Testaments of Autonomy: How Women's Social and Economic Mobility Transformed Under Nahua and Spanish Influence





Nahua culture, Spanish culture, Indigenous women, Culhuacan, Toluca, avenues of mobility, economic autonomy, final wills and testaments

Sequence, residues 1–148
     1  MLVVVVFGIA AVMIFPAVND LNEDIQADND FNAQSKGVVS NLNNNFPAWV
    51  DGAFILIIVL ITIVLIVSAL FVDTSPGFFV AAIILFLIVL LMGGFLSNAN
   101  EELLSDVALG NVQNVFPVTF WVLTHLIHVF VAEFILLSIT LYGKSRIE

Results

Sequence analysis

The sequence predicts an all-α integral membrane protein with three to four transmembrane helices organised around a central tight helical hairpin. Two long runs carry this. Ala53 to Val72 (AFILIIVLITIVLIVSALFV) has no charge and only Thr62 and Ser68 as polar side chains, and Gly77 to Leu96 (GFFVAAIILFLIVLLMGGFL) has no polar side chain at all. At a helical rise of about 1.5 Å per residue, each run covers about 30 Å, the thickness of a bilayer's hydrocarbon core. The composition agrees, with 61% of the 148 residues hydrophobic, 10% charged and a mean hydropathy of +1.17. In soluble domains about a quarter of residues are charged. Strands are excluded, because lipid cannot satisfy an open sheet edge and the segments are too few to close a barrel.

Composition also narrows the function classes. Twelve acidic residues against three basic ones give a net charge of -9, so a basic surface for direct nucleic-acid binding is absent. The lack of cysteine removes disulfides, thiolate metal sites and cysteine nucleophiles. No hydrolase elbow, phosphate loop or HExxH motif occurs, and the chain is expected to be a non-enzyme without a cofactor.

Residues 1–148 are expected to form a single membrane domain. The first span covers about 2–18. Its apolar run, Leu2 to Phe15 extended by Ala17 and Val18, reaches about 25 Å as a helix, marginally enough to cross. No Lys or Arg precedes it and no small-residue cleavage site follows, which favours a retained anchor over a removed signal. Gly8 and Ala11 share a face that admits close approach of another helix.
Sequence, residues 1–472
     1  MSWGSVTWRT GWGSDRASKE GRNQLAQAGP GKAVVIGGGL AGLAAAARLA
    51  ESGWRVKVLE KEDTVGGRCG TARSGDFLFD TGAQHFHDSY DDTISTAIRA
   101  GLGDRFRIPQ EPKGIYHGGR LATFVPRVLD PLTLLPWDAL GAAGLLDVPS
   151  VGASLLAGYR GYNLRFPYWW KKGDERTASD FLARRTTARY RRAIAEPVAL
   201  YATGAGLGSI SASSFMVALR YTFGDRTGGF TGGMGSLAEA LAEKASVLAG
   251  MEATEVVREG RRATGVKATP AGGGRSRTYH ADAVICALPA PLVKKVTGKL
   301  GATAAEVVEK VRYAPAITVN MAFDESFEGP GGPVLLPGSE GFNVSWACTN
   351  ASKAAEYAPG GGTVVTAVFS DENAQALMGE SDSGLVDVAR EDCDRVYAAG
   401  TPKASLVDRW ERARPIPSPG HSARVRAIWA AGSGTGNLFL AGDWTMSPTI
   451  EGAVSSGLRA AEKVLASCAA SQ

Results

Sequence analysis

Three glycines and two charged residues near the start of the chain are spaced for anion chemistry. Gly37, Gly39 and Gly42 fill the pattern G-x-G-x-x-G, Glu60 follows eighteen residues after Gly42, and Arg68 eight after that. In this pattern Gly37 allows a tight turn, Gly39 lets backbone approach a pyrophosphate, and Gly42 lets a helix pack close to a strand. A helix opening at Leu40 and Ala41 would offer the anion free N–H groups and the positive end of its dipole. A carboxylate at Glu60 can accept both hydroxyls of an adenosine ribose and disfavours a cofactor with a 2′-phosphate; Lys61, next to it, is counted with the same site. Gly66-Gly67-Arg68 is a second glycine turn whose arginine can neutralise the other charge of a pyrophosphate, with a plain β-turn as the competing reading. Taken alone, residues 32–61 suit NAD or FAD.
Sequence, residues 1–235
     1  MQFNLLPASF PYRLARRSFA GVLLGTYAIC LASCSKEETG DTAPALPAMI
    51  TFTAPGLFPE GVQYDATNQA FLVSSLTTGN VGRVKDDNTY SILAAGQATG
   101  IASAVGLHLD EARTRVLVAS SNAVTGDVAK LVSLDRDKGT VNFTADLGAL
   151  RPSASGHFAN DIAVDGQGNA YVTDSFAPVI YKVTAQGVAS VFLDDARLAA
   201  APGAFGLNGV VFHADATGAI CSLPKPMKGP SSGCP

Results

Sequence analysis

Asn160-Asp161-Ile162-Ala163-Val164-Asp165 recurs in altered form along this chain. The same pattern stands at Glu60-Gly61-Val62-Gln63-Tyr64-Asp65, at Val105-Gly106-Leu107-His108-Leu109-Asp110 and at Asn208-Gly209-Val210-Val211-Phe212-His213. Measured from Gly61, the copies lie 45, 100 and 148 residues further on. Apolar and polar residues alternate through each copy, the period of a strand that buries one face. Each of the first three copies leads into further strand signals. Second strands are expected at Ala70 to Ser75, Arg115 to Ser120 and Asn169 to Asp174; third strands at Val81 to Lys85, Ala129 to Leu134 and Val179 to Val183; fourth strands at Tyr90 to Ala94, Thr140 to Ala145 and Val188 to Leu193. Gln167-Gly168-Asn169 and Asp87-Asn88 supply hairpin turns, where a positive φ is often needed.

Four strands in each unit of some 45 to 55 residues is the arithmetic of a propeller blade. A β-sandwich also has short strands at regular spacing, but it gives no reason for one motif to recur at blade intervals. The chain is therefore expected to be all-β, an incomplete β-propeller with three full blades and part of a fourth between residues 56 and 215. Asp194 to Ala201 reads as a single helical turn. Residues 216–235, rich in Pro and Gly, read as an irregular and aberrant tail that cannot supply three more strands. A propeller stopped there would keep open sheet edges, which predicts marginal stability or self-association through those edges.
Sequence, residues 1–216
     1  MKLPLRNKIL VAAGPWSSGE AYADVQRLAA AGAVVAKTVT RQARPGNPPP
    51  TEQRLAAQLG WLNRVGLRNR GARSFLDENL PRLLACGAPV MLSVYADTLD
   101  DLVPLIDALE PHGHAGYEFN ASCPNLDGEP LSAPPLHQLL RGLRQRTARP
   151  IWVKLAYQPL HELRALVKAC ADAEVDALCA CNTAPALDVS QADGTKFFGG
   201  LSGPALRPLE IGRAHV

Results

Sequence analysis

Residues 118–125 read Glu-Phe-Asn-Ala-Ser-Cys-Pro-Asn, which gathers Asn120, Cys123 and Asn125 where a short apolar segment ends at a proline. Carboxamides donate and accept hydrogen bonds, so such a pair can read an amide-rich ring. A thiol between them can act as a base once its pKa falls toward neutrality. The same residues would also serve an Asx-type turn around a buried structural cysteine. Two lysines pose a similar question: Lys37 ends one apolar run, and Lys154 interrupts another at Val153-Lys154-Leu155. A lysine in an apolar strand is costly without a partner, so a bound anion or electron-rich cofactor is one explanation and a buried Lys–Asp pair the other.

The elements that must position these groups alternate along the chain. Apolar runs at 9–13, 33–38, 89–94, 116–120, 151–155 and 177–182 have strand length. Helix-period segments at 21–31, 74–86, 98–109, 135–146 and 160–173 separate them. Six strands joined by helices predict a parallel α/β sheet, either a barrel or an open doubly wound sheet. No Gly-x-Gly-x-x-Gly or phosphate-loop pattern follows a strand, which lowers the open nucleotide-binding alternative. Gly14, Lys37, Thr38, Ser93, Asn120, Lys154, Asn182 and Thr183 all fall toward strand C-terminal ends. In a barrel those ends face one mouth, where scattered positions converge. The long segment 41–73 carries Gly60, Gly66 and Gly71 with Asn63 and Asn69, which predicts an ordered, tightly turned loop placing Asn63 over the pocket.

Did European gender values undermine the autonomy of Indigenous women in colonial Mexico? This article will answer the aforementioned question by examining women’s lives in Mexico during the colonial period from approximately 1500 to 1800. Close analysis of last wills and testaments left behind by women in Culhuacan during the sixteenth century demonstrate that they enjoyed greater avenues of social mobility than did women in Toluca during the seventeenth and eighteenth centuries. This analysis will inform readers of the evidence drawn from these cultures and the significant conclusions it generates. An examination of two separate corpuses of last wills and testaments left behind by Indigenous Mexican women exposes variances in women’s avenues of social mobility under Nahua and Spanish influence in Culhuacan and Toluca during the sixteenth and eighteenth centuries, respectively. Prior to Spanish invasion, Nahua culture gave the women of Culhuacan economic and social autonomy. Certain pre-Hispanic privileges, such as holding public offices, were still conserved at the end of the 16th century. However, a gradual replacement with Spanish values and structures that was nearly complete by the 18th century diminished women’s autonomy. But no matter how much their independence decreased, women still did all they could with what they had.


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